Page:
The point is often raised that the practice of Eucharistic adoration is relatively new in the life of the Church. Often, critics write of Eucharistic devotion as a misunderstood form of medieval piety or a representation of a so-called pre-Vatican II theology from which we have moved on. After all, they argue, the end for which the Eucharist has been given to us by Our Lord is Holy Communion. In other words, critics of Eucharistic adoration contend that the Eucharist has not been made for us to look at, but to eat. Historically, it is the case that the practice of reservation of the Blessed Sacrament was for the sake of distributing Communion to the faithful who were unable to participate in the sacred liturgy. Yet, does this purpose of reservation of the Blessed Sacrament really preclude the development and practice of Eucharistic adoration?
One of the most robust responses to this question has been given by Pope Benedict XVI in Sacramentum Caritatis (SCar): “In the Eucharist, the Son of God comes to meet us and desires to become one with us; eucharistic adoration is simply the natural consequence of the eucharistic celebration, which is itself the Church’s supreme act of adoration. Receiving the Eucharist means adoring him whom we receive. Only in this way do we become one with him, and are given, as it were, a foretaste of the beauty of the heavenly liturgy. The act of adoration outside Mass prolongs and intensifies all that takes place during the liturgical celebration itself” (66, emphasis added).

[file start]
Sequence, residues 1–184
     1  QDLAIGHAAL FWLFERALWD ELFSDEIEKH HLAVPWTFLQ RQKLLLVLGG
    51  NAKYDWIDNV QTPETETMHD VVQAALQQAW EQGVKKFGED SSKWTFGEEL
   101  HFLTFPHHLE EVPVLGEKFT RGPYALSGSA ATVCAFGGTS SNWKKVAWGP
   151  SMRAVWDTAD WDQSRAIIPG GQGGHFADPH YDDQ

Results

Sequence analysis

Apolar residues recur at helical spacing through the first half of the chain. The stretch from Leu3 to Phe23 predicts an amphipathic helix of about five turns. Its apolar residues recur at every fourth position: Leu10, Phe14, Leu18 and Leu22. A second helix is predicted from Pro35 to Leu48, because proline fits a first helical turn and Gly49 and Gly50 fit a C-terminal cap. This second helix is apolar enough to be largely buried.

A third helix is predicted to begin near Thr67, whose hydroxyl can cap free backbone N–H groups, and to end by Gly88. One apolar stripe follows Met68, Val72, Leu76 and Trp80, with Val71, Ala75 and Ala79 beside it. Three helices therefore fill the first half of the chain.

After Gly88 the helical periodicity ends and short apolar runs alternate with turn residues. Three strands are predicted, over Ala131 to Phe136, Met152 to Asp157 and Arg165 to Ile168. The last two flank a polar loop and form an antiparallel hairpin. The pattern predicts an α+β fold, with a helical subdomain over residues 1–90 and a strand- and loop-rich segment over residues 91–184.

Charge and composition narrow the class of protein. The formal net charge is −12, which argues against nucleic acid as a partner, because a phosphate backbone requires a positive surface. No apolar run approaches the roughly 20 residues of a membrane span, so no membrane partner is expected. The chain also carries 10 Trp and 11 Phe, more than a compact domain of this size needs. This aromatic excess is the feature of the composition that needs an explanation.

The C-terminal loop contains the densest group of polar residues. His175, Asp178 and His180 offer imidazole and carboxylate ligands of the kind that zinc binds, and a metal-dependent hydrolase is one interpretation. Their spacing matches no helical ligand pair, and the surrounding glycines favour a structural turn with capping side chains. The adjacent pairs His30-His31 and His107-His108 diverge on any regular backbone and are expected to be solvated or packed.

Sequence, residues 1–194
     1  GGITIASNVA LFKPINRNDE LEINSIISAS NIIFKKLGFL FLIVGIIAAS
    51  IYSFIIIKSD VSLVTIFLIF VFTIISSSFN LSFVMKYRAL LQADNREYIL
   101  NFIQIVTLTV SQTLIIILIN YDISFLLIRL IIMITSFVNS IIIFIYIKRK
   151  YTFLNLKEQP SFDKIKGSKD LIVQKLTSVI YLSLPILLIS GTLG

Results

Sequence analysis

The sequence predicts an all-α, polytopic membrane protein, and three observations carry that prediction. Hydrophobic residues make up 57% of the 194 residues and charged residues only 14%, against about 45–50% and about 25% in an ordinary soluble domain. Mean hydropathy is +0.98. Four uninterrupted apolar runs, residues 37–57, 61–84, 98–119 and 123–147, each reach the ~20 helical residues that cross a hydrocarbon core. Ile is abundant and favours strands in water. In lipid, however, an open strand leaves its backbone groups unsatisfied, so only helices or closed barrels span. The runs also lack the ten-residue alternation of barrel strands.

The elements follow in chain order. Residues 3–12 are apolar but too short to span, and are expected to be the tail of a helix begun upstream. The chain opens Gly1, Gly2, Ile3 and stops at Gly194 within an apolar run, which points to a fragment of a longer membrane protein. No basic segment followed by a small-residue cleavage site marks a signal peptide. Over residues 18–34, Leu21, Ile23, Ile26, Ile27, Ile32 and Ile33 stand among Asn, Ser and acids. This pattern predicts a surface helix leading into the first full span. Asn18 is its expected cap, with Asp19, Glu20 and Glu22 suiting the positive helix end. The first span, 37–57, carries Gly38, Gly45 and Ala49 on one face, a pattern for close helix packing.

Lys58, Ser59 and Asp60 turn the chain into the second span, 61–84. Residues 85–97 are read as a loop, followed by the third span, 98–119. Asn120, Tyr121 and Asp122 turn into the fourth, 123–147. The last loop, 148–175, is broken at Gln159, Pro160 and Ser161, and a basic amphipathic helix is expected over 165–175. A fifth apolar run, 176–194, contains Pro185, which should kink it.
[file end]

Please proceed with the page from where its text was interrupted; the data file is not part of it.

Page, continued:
Adoration begins within the sacred liturgy. Abbot Driscoll notes that this form of adoration is directed primarily towards God the Father through Jesus Christ in the Holy Spirit, but he notes that there are distinct moments in the liturgy “where Christ himself is adored in the very elements of the Sacrament.” Properly understood, Eucharistic adoration becomes an extended form of thanksgiving that in the words of Pope Benedict “prolongs and intensifies” all that has unfolded in the celebration of the Mass.
In the Gospels, Christ healed ten lepers, but only one (a Samaritan) returned to thank him. Our Lord looked upon him and asked these questions: “Were not ten cleansed? Where are the nine? Was no one found to return and give praise to God except this foreigner?” And he said to him, “Rise and go your way; your faith has made you well” (Luke 17:17-19).